4WIS/D system of the Orbitron enables more versatile motion for vehicles that needs to navigate in tight spaces but controlling two parameters, direction and speed, for each wheel results in eight parameters in need of simultaneous control.
So our goal was simple: to develop an algorithm that achieves an Intuitive control that abstracts away the complexity, allowing for a full realization of the vehicle's capabilities.
We chose 3Dconnexion's SpaceMouse (SpaceNavigator) as a controller as it was designed for intuitive navigation on 3D space in CAD.
Connecting the SpaceMouse with Mathematica gave us six numbers ranging from -1 to +1 based on the mouse's position, which became the raw input data for our algorithm.
The algorithm’s main job is to translate these six variables from the SpaceMouse to eight variables, each of which represents either angle or speed of a wheel. The algorithm is responsible for calculating variable transformations and records the sets of timestamped variables in a CSV file. We then use a serial regulator, a C# application I've developed, to deliver the set of variables at a proper time without overfeeding data to the prototype.
When Mathematica Notebook is executed, the interface on the right is continuously updated based on the user’s input. All the arrows shown in this interface are color-coded differently to distinguish each other more effortlessly. Four labels are shown next to each wheel to display updated angle and speed values.
Green Concentric Circles: each represent the radius of curvature of each wheel and the center of the vehicle. This can be applied to vehicles with any number of wheels, but just with more curvature circles.
Blue Arrow: motion of the vehicle's center
Gray Arrow: acts as base for red/pink arrows; always fixed along the vehicle body's angle
Pink Arrow: tangent line of the green circle; angle between the gray arrow and pink arrow is used to determine each wheel's angle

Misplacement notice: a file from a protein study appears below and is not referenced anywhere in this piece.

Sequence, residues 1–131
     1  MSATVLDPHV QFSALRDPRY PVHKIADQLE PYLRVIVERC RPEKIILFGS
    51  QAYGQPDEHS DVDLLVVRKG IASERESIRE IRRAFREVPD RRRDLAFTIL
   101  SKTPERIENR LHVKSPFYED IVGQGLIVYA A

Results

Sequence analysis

Red Arrow: actual trajectory of the vehicle; As user controls the mouse, arrows' length will always represent the relative velocity of each wheel.
Implementing Different Steering Modes
While the conventional steering system only involves Ackerman Steering, 4WIS/4WID can have three different steering modes: AFRS, Crab Steering, and Spinning. Our algorithm supports all three steering modes and allows us to simultaneously control all four wheels without any danger of movement conflicts. We do so by computing both the wheel’s direction and speed based on the wheel’s angular velocity during a turn. This prevents any conflicts between the signals that can result in a vehicle slipping.
Crab steering is a special type of active four-wheel steering that operates by steering all wheels in the same direction and at the same angle.
The algorithm uses the Crab steering mode whenever the user slides the SpaceMouse on the plane. In this specific example, when the mouse is facing upper right corner, all four wheels are angled in the direction the mouse is pointing at. All four wheels have the same speed which is computed as the tangential velocity of a circle with a very large radius.